UK's OFFER proposes to separate the distribution and supply businesses

May 21, 1999 02:00 AM

New proposals, which would separate the distribution and supply businesses of Britain's 14 Public Electricity Suppliers (PESs) to make the electricity market more competitive and protect customers, were published by OFFER. The document also proposes new arrangements for metering and meter reading.

OFFER says the present integration of distribution and supply is likely to protect dominant suppliers to the disadvantage of customers and competitors. With the close interactions between the competitive electricity and gas markets, it could also distort competition in gas supply and inhibit the convergence of gas and electricity.
OFFER outlines five main concerns about integrated supply and distribution business within a PES:
- PESs may operate the supply and distribution businesses to maximise benefits to the company in a way that disadvantages competing suppliers.
-The PES supply business may have access to information about competitors as a result of their use of the distribution service, which is not available to other suppliers.
- Ownership of supply and distribution business gives PESs the opportunity to cross-subsidise by allocating costs to the distribution business which more properly should be met by supply.
- The present integration of distribution and supply may deter customers from switching to a new supplier. Customers may be misled to believe that switching supplier might lead to a poorer response from the distribution business during a power cut.
- The present metering and meter reading monopoly held by distribution companies is likely to reduce incentives for innovation and efficiency gains. Retention of the monopoly is also likely to distort the development of competition in metering and meter reading in gas.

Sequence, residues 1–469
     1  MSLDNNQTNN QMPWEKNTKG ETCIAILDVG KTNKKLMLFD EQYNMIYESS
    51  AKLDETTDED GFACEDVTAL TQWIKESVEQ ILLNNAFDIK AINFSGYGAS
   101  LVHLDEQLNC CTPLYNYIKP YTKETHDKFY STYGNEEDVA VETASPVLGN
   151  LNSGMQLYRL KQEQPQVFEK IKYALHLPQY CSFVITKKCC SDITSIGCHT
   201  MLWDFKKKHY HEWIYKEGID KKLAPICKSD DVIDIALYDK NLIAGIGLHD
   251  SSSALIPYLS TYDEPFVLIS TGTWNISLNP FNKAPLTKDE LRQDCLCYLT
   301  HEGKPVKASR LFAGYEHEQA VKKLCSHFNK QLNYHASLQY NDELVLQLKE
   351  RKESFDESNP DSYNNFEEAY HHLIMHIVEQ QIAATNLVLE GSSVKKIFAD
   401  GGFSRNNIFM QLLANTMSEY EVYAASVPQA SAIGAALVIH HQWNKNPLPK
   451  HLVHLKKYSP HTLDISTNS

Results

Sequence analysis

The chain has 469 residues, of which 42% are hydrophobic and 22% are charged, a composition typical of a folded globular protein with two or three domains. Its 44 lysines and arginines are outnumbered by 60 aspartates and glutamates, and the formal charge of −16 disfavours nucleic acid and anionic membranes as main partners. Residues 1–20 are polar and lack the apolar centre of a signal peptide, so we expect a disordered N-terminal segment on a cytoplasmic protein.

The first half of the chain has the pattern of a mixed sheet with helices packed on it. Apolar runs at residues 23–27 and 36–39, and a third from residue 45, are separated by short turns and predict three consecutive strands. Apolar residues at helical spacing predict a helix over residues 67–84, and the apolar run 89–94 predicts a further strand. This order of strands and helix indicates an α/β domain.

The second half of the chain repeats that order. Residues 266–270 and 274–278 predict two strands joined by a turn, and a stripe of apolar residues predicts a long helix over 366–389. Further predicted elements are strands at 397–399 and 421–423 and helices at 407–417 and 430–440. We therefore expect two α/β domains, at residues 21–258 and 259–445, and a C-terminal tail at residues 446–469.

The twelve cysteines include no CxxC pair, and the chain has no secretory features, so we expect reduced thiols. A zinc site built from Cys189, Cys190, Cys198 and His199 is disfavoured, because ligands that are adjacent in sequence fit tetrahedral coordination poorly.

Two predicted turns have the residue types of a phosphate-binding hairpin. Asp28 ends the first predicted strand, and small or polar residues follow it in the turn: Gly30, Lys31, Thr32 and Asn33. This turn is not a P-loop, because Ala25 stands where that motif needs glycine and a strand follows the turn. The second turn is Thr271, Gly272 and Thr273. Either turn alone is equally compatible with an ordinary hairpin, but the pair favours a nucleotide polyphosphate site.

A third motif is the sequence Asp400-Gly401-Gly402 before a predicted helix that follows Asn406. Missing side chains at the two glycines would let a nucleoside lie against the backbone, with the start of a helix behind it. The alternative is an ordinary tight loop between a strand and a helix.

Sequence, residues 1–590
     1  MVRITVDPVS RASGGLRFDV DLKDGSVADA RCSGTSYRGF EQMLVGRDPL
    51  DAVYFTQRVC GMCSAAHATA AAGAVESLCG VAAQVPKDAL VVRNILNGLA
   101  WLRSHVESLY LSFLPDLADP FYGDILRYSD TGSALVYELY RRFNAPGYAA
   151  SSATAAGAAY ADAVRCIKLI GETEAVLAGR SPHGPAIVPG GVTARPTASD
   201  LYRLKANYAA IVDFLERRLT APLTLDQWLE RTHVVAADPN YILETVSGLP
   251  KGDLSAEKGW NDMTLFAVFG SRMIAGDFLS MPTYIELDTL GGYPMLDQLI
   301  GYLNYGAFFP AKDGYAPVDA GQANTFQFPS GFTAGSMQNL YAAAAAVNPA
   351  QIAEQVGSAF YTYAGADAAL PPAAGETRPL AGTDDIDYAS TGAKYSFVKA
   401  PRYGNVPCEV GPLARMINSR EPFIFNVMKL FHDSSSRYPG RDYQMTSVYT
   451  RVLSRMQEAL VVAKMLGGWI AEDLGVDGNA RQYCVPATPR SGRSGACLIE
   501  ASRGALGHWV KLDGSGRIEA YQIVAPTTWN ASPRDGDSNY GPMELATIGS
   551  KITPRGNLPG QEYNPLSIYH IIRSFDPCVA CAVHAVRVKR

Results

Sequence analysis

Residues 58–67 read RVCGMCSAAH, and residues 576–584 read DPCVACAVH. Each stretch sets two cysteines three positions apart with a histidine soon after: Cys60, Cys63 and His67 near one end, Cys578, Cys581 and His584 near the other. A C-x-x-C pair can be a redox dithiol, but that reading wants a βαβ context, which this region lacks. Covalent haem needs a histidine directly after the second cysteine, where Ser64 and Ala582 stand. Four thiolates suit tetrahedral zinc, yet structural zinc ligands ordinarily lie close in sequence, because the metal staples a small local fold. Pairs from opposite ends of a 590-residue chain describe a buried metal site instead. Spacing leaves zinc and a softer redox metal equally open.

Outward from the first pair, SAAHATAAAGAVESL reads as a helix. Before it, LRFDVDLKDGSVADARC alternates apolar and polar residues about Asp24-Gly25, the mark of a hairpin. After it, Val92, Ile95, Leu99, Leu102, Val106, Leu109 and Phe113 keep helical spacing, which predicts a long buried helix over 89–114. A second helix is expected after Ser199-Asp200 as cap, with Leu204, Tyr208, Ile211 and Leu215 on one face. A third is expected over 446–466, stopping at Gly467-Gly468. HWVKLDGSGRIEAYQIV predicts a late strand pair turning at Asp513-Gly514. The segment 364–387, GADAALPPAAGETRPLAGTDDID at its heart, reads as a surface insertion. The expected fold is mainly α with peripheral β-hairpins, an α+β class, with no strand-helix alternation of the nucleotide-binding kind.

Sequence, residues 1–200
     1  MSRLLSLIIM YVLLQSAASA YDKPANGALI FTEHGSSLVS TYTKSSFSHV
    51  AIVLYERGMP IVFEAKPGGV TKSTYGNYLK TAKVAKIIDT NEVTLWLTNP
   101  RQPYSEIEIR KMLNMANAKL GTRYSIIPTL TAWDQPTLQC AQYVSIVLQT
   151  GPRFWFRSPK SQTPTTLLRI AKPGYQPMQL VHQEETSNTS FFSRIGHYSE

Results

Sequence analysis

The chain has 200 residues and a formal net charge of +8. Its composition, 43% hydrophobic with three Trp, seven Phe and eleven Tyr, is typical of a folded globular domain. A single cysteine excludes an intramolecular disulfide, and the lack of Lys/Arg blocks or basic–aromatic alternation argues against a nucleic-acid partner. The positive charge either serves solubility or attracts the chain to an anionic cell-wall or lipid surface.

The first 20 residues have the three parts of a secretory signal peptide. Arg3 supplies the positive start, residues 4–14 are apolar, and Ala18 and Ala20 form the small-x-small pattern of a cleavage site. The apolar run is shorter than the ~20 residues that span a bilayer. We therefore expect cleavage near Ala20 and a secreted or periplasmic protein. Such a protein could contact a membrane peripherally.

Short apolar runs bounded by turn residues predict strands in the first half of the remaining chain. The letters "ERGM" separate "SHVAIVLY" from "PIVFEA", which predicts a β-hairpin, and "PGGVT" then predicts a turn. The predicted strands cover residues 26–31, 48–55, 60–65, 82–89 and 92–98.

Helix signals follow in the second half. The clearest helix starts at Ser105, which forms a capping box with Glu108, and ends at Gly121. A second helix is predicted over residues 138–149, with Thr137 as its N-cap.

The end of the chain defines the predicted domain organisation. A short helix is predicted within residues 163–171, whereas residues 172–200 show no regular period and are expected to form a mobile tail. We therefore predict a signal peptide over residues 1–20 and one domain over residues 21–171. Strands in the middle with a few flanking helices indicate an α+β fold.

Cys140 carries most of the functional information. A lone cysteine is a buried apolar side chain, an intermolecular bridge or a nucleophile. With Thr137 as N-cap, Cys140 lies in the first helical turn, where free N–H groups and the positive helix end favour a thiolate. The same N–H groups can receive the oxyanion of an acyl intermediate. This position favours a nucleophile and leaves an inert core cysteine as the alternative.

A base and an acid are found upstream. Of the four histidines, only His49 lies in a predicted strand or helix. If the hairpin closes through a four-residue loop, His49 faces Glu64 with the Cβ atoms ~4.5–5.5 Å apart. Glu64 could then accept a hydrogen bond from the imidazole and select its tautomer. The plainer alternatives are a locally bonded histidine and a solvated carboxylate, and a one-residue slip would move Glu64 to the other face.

Callum McCarthy, Director General of Electricity and Gas Supply, said: "It has long been recognised that ownership of distribution and the supply side of a utility is an impediment to competition. In the gas market, the Monopolies and Mergers Commission found that British Gas' operation of the pipeline system and the supply of gas was against the public interest. As a result of separation in the gas industry, Transco, the pipeline company is now a separate regulated company, transporting gas for a large number of gas shippers, and without gas supply responsibilities.
"We now wish to bring the same clarity of responsibility and business purpose to distribution and supply of electricity. Many companies are already recognising the separate characteristics of these two businesses, and organising their affairs accordingly. OFFER is now setting out the clear regulatory framework which both competition and business pressure need."
1. This document follows initial proposals by OFFER published in November 1998, and reviews the responses and sets out conclusions on the issues raised. As well as guiding the next stages of work on separation and metering, these conclusions will help form the basis for further work on the PES distribution price control, the transmission controls in Scotland and the supply price restraints.
2. The present Electricity Act does not distinguish clearly between distribution and supply or provide a separate licensing regime for distribution. The Government has indicated that it intends to legislate, as soon as Parliamentary time allows, to introduce separate licensing of distribution and supply. This will clarify the responsibilities of the two functions and allow separate ownership of supply and distribution.

Source: M2 PressWire via Newspage
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